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Alcohol Clin Exp Res. 2000 Apr;24(4):560-9.

Decreased natural killer cell responses and altered interleukin-6 and interleukin-10 production in alcoholism: an interaction between alcohol dependence and African-American ethnicity.

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Veterans Affairs San Diego Healthcare System, and Department of Psychiatry, University of California-San Diego, 92161, USA.



Epidemiological data indicate that among alcoholics African-American men have higher rates of infections compared with white alcoholics. Alcohol is thought to reduce natural killer (NK) cell responses and to alter cellular immunity by changing the relative balance of Th1 versus Th2 cytokine response profiles. However, translation of these basic immunological observations into the clinical setting is limited, and what clinical data are available are contradictory, in part, because of heterogeneity within the alcoholic patient population. Whether ethnic characteristics contribute to variation in the immunological effects of alcohol is not known.


This study compared NK activity, interleukin (IL)-2-stimulated NK activity, and concanavalin A-stimulated peripheral blood mononuclear cell production of Th1 (IL-12 and IL-2), Th2 (IL-10), and proinflammatory (IL-6) cytokines in 31 hospitalized chronic alcoholic patients and 31 age-matched controls who were stratified on the basis of ethnicity.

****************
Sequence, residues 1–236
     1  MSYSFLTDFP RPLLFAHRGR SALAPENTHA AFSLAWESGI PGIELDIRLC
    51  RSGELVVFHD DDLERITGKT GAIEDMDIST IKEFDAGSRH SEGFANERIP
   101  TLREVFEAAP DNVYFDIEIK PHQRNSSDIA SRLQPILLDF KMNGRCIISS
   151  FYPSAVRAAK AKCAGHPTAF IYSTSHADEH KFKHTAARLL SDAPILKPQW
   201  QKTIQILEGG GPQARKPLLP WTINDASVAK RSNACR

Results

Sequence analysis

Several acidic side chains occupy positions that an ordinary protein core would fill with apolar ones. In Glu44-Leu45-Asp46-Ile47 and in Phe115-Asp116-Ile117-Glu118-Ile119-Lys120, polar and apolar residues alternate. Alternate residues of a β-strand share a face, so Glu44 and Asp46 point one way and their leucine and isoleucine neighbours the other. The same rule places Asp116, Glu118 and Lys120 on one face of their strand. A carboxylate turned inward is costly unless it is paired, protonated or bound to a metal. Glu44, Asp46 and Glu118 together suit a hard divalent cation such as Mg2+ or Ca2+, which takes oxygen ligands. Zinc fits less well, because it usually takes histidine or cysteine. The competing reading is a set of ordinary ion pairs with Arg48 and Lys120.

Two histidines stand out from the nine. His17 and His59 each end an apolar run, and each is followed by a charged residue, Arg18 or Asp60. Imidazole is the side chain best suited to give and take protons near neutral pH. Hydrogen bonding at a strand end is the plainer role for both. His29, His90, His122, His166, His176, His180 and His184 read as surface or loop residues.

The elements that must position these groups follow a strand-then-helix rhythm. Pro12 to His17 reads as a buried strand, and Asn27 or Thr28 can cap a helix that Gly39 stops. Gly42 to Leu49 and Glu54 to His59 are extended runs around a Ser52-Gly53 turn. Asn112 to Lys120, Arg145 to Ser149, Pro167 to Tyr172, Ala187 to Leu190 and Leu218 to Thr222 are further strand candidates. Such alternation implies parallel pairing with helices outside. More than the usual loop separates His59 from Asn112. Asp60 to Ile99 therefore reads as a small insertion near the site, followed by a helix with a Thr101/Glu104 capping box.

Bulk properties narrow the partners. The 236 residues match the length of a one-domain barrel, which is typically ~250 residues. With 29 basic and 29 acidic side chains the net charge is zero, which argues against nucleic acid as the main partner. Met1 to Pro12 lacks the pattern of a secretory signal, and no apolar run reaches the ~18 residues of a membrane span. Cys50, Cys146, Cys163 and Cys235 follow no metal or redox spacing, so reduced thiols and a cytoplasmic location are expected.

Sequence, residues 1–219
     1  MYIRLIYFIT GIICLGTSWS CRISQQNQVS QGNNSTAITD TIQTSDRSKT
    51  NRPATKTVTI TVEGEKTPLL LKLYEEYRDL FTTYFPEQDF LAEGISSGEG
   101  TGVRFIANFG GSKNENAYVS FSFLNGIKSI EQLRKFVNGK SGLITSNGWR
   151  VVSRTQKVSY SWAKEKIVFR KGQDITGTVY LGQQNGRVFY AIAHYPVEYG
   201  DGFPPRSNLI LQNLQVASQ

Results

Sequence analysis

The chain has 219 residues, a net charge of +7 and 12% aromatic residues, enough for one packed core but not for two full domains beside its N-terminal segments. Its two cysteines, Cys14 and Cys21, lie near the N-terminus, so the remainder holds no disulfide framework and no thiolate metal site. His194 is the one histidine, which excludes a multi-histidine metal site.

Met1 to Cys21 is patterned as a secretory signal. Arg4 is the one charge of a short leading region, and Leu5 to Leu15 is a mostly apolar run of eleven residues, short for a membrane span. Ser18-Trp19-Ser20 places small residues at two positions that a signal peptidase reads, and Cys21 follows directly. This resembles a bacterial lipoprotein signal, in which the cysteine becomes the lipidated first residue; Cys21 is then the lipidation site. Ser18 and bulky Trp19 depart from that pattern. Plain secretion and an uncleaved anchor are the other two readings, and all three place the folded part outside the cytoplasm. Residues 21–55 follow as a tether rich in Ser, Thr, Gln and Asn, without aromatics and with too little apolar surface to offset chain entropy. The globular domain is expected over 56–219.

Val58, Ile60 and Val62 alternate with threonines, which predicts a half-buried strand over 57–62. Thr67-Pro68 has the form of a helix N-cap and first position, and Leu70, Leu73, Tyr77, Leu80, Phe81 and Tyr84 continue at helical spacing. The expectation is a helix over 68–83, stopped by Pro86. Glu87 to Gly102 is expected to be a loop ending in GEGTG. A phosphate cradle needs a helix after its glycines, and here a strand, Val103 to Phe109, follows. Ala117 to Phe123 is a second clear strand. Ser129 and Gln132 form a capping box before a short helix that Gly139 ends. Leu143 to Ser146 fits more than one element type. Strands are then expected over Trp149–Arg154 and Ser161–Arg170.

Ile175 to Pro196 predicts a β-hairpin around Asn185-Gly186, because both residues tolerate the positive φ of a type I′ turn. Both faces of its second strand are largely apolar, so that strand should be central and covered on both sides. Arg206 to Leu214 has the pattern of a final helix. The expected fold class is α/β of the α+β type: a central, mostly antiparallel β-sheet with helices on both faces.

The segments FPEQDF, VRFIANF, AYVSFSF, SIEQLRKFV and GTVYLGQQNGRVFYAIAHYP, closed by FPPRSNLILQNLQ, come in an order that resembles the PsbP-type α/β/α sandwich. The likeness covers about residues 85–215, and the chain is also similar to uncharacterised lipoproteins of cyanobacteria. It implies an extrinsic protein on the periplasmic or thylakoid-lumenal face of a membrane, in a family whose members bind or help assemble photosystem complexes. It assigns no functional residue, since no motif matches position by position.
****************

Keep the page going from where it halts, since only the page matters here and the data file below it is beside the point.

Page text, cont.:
NK-cell responses were significantly different across the four groups, and African-American alcoholics showed the lowest levels of NK activity (F = 9.5;p < 0.001) and IL-2-stimulated NK activity (F = 2.9; p < 0.05). Compared with the other three groups, African-American alcoholics also showed lower levels of IL-6 (F = 7.2;p < 0.01) and higher levels of IL-10 (F = 4.9;p < 0.05). Stimulated production of IL-2 and IL-12 were similar in the four groups. Regression analyses showed that alcohol dependence and ethnicity predicted NK activity, whereas the interaction between alcohol dependence and ethnicity predicted levels of IL-6 and IL-10.


In summary, the immunological effects of alcohol dependence are modified by ethnicity status, consistent with the increased health risks found in African-American alcoholics.

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